Barrick Gold’s (TSX:ABX)(NYSE:GOLD) chief executive, Mark Bristow, said the company’s bid for its 64%-owned Acacia Mining (LON:ACA) is an “appropriate” and “elegant” solution to the long-running row over outstanding tax claims that has hit the African miner’s bottom-line.
The $285-million offer, considered by some analysts and Acacia’s minority shareholders as low, would see the world’s second largest gold miner buying the remaining 35% of Acacia it does not already own, at a discount.
“We’re not trying to exploit any particular situation,” Bristow told Bloomberg. “At the end of the day we do believe it’s a well-considered, fair and proper proposal that should be taken seriously.”
The proposed takeover, said Barrick last week, was made after realizing that the government of Tanzania was not prepared to deal directly with Acacia to settle their differences.
Acacia, the African country’s No.1 gold producer, has been embroiled in a battle with Tanzania since 2017, when the government banned exports of unprocessed metal and slapped it with a $190 billion tax bill— equal to almost two centuries worth of revenue.
The company was also forced to cut output by a third from two of its three mines in the country — Bulyanhulu and Buzwag.
Since then, the relationship between Barrick and Acacia has been strained and progress moving an agreement forward has been “almost impossible,” Bristow acknowledged earlier this month.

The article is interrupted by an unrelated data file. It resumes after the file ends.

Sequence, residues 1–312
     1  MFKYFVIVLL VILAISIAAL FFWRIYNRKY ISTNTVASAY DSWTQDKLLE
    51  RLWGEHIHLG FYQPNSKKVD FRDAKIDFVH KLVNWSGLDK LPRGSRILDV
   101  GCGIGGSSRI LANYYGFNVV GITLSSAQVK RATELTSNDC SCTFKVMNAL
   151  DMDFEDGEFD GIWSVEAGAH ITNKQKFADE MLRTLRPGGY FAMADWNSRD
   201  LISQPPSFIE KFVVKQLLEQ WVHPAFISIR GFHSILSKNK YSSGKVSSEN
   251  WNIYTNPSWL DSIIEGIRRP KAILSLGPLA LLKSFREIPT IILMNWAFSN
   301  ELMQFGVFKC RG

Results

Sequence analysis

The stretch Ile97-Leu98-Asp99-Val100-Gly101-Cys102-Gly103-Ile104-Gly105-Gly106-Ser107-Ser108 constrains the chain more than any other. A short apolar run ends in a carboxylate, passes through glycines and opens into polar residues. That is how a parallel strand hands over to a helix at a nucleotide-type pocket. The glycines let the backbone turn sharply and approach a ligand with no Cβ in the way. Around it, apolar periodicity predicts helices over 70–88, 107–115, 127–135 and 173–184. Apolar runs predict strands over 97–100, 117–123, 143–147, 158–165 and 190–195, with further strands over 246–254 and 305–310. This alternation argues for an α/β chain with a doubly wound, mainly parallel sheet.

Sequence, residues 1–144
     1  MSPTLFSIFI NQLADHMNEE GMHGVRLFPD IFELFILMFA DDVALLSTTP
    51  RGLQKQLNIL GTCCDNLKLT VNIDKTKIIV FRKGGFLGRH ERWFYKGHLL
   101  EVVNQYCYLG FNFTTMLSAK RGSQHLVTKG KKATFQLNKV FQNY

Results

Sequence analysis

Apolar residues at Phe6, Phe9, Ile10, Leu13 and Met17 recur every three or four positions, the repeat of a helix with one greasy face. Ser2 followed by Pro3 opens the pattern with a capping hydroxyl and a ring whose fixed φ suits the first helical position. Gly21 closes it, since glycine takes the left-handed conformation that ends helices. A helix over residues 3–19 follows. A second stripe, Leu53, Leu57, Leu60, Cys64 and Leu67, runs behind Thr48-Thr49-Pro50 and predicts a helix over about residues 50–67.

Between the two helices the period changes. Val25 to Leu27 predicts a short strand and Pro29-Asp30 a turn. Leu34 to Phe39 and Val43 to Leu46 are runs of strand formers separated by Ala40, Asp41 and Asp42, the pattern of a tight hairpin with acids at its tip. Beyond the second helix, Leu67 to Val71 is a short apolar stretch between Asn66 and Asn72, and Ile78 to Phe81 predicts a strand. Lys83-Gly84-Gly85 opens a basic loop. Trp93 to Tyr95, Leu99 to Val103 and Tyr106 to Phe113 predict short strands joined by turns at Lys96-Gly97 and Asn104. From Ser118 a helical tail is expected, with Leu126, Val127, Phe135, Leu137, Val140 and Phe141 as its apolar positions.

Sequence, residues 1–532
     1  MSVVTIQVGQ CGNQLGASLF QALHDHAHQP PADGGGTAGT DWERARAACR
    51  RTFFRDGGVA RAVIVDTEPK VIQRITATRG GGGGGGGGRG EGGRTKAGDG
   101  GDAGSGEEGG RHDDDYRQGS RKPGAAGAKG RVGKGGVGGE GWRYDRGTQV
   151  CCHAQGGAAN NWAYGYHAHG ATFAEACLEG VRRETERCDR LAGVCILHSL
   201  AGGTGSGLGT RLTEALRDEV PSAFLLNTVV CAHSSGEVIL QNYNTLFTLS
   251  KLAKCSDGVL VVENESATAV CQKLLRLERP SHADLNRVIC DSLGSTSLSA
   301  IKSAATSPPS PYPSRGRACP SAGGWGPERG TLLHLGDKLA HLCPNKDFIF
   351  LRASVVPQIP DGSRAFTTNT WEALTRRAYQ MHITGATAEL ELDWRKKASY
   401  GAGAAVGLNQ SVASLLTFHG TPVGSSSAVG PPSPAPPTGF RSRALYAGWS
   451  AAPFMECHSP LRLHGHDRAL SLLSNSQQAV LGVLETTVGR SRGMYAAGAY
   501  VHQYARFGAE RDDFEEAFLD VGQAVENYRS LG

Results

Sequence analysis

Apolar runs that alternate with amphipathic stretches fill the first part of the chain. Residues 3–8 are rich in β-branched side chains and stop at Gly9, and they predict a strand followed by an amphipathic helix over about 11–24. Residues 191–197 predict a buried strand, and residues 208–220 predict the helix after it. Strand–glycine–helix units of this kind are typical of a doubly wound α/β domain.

“It’s a tragedy,” he said. “We’re dealing with a complete breakdown of relationships.”
For about two years, Barrick has been leading negotiations with President John Magufuli’s administration, first under executive chairman John Thornton and, more recently, under Bristow.
The South African geologist, who spent decades finding and building his own mines in Africa, has been considered by many analysts as the only one who could effectively end the never-ending row.
A framework deal reached in February proposed that Acacia would pay $300 million to settle the tax claims and agree to split returns from operations with the country going forward. But Acacia has maintained its position that before approving any agreement its board should review it first.
“In our opinion, the bid value reflects the $300 million tax payment that has been negotiated between Barrick and the government of Tanzania, which becomes payable once a resolution is ratified,” Jefferies’ analysts wrote last week.
Acacia, which has said that much of the tax dispute stems from the period when the Canadian mining giant fully owned it, has sought to resolve some of its issues with Tanzania through international arbitration.
According to sources close to the matter, Barrick may choose to postpone any decisions on the proposed takeover until then.